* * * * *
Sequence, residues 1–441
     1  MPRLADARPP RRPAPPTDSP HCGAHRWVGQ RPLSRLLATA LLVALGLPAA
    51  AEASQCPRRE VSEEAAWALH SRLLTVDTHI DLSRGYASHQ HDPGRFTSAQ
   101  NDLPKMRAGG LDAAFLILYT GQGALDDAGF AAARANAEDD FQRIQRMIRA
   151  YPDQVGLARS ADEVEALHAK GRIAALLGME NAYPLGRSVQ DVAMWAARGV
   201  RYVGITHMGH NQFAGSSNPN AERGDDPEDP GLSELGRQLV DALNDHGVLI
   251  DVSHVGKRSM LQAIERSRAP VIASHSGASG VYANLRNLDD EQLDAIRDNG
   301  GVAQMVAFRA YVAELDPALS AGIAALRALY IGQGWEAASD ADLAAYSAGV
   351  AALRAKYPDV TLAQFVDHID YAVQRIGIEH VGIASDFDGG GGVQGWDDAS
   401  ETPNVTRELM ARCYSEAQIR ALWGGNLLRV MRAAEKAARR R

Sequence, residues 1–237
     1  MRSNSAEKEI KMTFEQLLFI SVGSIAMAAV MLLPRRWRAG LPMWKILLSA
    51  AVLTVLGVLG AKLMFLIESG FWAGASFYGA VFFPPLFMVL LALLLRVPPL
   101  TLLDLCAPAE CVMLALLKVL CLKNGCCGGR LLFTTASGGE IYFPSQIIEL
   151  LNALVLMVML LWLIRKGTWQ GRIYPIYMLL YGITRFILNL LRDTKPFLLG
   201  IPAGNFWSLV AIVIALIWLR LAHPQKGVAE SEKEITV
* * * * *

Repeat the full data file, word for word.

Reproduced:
Sequence, residues 1–441
     1  MPRLADARPP RRPAPPTDSP HCGAHRWVGQ RPLSRLLATA LLVALGLPAA
    51  AEASQCPRRE VSEEAAWALH SRLLTVDTHI DLSRGYASHQ HDPGRFTSAQ
   101  NDLPKMRAGG LDAAFLILYT GQGALDDAGF AAARANAEDD FQRIQRMIRA
   151  YPDQVGLARS ADEVEALHAK GRIAALLGME NAYPLGRSVQ DVAMWAARGV
   201  RYVGITHMGH NQFAGSSNPN AERGDDPEDP GLSELGRQLV DALNDHGVLI
   251  DVSHVGKRSM LQAIERSRAP VIASHSGASG VYANLRNLDD EQLDAIRDNG
   301  GVAQMVAFRA YVAELDPALS AGIAALRALY IGQGWEAASD ADLAAYSAGV
   351  AALRAKYPDV TLAQFVDHID YAVQRIGIEH VGIASDFDGG GGVQGWDDAS
   401  ETPNVTRELM ARCYSEAQIR ALWGGNLLRV MRAAEKAARR R

Sequence, residues 1–237
     1  MRSNSAEKEI KMTFEQLLFI SVGSIAMAAV MLLPRRWRAG LPMWKILLSA
    51  AVLTVLGVLG AKLMFLIESG FWAGASFYGA VFFPPLFMVL LALLLRVPPL
   101  TLLDLCAPAE CVMLALLKVL CLKNGCCGGR LLFTTASGGE IYFPSQIIEL
   151  LNALVLMVML LWLIRKGTWQ GRIYPIYMLL YGITRFILNL LRDTKPFLLG
   201  IPAGNFWSLV AIVIALIWLR LAHPQKGVAE SEKEITV